Friday,24 November, 2017
Current issue | Issue 1209, (14 - 20 August 2014)
Friday,24 November, 2017
Issue 1209, (14 - 20 August 2014)

Ahram Weekly

Libyan parliament addresses insecurity

Consensus has been reached on how to select a new Libyan president, but whether a new head of state can stabilise the prevailing chaos remains to be seen, writes Kamel Abdallah

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Al-Ahram Weekly

Since its first meeting on 4 August, the Libyan parliament has been grappling with the country’s worsening security situation. With two major cities, including the capital Tripoli, devastated by fighting among rival armed groups, the parliament, convening in Tobruk near the Egyptian border, decided to declare a ceasefire. Legislators said that combatants must observe a 72-hour cessation, without specifying the time for such a move.

Concerned over what some see as Libya’s spiraling into chaos, the UN is sending negotiators to Tripoli to convince commanders of warring factions that a ceasefire is an immediate priority.

Ismail Ould Cheikh Ahmed, the UN secretary general’s deputy special representative and deputy head of the UN Support Mission in Libya (UNSMIL), is already holding talks with various groups in Tripoli, according to a statement by the Libyan foreign ministry.

Meanwhile, the country’s top political and military leaders have been appearing before parliament, which is holding hearings on the causes of the current turmoil.

Acting Prime Minister Abdallah Al-Thinni, Chief of General Staff General Abdel Salam Jadallah Al-Obeidi, Special Forces commander in Benghazi Colonel Wanis Bukhmada, Libyan Minister of Interior Saleh Al-Barasi, and Minister of Justice Salah Al-Mirghani all appeared before parliament to discuss the current security problems in the country.

Speaking to Al-Ahram Weekly by phone, Ajdabiya Deputy Fathallah Al-Soeiti revealed that heated exchanges took place between the deputies and Chief of General Staff Al-Obeidi on Sunday. When pressed by the deputies, Al-Obeidi admitted that he provided one faction with ammunition and weapons, thus compromising the army’s supposed neutrality.

Al-Obeidi told parliament that the Libyan army was on the verge of collapse because of tribal and regional conflicts, pointing out that several army commanders were biased to one or another of the warring factions.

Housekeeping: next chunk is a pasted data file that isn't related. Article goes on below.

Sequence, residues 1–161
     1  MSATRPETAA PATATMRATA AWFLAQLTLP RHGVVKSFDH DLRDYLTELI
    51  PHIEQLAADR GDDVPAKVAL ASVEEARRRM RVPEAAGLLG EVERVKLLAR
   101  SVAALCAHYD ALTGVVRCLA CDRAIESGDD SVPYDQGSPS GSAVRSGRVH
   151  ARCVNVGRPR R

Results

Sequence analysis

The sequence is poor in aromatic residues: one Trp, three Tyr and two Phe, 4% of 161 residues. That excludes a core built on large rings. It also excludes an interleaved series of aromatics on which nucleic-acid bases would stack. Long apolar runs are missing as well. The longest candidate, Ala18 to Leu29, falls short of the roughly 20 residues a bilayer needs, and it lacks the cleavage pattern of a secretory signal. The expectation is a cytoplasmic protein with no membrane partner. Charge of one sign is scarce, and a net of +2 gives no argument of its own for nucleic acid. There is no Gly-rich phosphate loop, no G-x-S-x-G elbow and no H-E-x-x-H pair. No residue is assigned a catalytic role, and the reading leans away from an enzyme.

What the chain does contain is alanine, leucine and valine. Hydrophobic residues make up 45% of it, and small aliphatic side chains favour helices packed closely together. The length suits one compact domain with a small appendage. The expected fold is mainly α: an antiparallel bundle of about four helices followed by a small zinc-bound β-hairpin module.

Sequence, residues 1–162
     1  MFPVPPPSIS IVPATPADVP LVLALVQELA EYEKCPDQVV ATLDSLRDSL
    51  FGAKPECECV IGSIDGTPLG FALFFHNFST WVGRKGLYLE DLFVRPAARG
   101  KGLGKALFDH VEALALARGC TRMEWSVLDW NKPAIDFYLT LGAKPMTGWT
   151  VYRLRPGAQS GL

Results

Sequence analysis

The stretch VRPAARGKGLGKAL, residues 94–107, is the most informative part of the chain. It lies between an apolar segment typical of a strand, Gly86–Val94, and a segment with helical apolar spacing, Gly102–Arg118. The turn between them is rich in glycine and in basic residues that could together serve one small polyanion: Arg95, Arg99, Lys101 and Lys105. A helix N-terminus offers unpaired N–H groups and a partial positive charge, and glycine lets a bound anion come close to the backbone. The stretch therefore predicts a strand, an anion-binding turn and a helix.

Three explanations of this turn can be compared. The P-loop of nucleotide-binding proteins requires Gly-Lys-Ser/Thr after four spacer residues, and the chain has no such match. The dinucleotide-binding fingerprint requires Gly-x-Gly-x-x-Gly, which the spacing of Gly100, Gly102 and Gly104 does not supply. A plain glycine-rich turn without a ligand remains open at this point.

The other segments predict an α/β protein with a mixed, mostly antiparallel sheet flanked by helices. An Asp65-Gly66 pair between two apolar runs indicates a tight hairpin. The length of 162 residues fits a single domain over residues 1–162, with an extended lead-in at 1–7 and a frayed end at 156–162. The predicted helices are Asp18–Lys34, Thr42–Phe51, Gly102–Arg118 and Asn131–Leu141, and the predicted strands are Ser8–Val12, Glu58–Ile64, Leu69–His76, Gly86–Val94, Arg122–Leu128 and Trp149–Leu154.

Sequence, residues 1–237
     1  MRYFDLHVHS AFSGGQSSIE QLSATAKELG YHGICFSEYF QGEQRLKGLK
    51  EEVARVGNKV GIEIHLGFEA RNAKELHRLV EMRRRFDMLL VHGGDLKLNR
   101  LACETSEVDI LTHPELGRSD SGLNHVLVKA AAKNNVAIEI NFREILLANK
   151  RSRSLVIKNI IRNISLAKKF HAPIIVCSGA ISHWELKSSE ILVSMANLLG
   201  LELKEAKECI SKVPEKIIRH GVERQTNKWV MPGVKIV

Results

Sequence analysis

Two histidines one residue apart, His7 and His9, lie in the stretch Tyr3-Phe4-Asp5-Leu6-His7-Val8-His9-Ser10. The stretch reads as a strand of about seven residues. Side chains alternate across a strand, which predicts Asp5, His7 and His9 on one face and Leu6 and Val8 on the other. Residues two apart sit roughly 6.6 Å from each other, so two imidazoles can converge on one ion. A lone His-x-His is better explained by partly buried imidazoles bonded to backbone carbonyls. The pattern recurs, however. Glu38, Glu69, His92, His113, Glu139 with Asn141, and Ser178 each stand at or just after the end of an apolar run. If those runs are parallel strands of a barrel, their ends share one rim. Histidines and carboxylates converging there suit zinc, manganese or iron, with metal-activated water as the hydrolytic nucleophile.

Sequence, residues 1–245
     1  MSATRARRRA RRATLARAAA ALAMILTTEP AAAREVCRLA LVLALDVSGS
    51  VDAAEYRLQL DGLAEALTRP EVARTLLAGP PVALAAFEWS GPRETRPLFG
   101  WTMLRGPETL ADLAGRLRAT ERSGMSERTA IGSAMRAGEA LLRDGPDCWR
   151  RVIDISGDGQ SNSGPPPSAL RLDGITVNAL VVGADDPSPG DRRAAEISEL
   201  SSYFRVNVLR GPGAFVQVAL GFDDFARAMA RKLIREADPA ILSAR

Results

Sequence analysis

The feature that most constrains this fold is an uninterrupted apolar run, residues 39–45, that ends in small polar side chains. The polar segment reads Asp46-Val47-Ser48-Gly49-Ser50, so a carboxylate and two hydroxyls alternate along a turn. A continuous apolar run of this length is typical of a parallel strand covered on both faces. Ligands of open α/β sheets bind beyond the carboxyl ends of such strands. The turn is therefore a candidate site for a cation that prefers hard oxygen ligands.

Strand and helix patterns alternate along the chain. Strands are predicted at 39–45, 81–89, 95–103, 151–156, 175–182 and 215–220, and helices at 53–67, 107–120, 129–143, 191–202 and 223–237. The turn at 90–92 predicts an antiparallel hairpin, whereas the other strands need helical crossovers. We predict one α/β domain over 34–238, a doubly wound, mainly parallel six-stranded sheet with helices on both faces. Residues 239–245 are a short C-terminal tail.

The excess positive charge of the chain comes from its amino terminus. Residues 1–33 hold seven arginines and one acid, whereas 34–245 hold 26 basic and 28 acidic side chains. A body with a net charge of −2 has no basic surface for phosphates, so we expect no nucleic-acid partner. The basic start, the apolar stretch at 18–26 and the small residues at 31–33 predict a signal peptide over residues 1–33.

According to Al-Soeiti, some parliamentarians threatened to impeach Al-Obeidi for failing to keep the army neutral during the current conflict.

Despite international mediation, clashes continued in Tripoli Sunday.

Riyad Al-Sharif, member of the crisis committee set up by the Tripoli local administration, said that the fighting has left 30,000 people or more homeless and that the committee is providing them with basic needs, including accommodation in nearby municipalities, including Suq Al-Khamis, Musayhil, Al-Sabaa, Sidi Al-Saayih, Tagora, Qarahbuli, Nazara, Janzour, and Abu Salim.

In Benghazi, unknown gunmen blew up the Bu Atni Police Station. Local inhabitants say that their city has been deprived of an effective police service for three years now.

In an email exchange with the Weekly, Tripoli Deputy Ali Omar Al-Tekbali said that the parliament is taking steps to end the current fighting. He said that the army is expected to soon end debate on the manner of selection of the head of state.

Libyan parliamentary sources, speaking on condition of anonymity, said that  parliament will soon declare that the head of state will be chosen through direct public poll, rather than be nominated by parliament as had been suggested.

The manner of selecting the Libyan head of state generated heated debate within the former General National Congress, with Islamists wanting parliament to name the president, while seculars opted for direct vote by the nation.

Benghazi Deputy Jalal Saleh Al-Shuwayhidi told journalists that the consensus among parliamentarians is that a direct public vote is the best method of selecting the president.

The ad hoc group named the February Committee, formed by the former General National Congress to discuss the manner of selecting the president, has recommended a public vote, Al-Shuwayhidi added.

Once a president is elected, he will name a prime minister. The cabinet formed by the latter will have to pass a vote of confidence in parliament.

Meanwhile, the UN is expected to replace the head of its support mission in Libya, Tarek Mitri, with a Spanish diplomat.

Mitri had run into opposition from some tribal and liberal groups who claim that his proposals for national dialogue were biased to Islamists. The new UNSMIL chief, Bernardino Leon, is expected to start his new job in September.

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